La Petit Chou learned yesterday that an old friend had passed away. I’d never met Ron, and in the course of telling me a little about him, she said, ‘He had a calming effect on people.’
That’s stayed with me. I’ve been thinking this morning: How many of us have that kind of positive impact? Not nearly enough, I guess, or it wouldn’t seem remarkable. How do I impact those around me? How should I? No new questions, and the answers aren’t easy.
I told a friend recently that I want my work to be intriguing, encouraging, inspiring, to bless viewers- buyers or no- in at least some way. Today I’m remembering that I should have added calming to that list of qualities.
Calm doesn’t sound like much, does it. It’s not exciting, it doesn’t get you up on your feet, pumping your fist, throwing horns, screaming your throat raw. But even the most adrenalized dream-driven wired of us need calm sometimes. The tighter we’re wound, the more we need somebody like Ron in our lives. So even though I didn't knew him, I know he’ll be sorely missed, and the world’s a little poorer now he’s gone.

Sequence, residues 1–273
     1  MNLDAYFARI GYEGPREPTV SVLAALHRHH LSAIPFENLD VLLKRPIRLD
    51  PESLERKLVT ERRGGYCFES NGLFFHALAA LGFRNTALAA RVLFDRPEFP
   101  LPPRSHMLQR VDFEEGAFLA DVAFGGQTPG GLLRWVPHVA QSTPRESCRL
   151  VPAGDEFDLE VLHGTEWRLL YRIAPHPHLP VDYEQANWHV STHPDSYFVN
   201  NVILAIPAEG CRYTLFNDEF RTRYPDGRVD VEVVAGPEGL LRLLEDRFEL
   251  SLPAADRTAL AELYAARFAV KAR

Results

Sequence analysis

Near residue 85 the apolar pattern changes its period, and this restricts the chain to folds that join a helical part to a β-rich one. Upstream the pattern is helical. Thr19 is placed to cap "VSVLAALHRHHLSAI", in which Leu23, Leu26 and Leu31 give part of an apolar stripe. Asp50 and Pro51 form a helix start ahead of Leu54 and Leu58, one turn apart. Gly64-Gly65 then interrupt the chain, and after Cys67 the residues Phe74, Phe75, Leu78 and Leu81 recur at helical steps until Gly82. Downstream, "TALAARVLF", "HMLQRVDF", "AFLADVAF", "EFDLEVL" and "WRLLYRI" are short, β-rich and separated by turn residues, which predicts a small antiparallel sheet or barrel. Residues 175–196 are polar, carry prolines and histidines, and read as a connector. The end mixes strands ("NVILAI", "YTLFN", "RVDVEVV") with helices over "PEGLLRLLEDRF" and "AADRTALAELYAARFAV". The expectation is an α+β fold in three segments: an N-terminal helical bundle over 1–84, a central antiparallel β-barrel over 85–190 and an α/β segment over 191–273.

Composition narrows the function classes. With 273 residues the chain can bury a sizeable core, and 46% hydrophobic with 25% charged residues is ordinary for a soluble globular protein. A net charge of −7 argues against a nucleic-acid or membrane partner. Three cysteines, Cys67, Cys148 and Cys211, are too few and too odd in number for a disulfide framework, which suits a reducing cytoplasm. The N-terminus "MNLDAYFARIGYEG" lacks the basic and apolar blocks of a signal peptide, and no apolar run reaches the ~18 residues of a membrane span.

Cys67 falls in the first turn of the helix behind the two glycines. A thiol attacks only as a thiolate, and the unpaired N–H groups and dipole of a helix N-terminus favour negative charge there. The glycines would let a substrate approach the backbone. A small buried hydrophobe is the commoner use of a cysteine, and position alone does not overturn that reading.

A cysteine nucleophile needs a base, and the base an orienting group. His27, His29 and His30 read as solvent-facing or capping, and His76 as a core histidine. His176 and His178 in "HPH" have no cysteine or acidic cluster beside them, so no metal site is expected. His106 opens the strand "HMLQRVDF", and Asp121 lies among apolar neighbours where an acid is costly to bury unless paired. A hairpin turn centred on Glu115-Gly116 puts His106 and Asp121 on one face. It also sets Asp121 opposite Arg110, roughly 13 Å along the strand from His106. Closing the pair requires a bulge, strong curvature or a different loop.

From Amanda Palmer’s blog:
life will break you.
nobody can protect you from that, and living alone won’t either, for solitude will also break you with its yearnings.
you have to love.
you have to feel.
it is the reason you are here on earth.
you are here to risk your heart.
you are here to be swallowed up.
and when it happens that you are broken, or betrayed, or left, or hurt,
or death brushes near, let yourself sit by an apple tree
and listen to the apples falling all around you in heaps, wasting their sweetness.
tell yourself that you tasted as many as you could.
- Louise Erdrich, The Painted Drum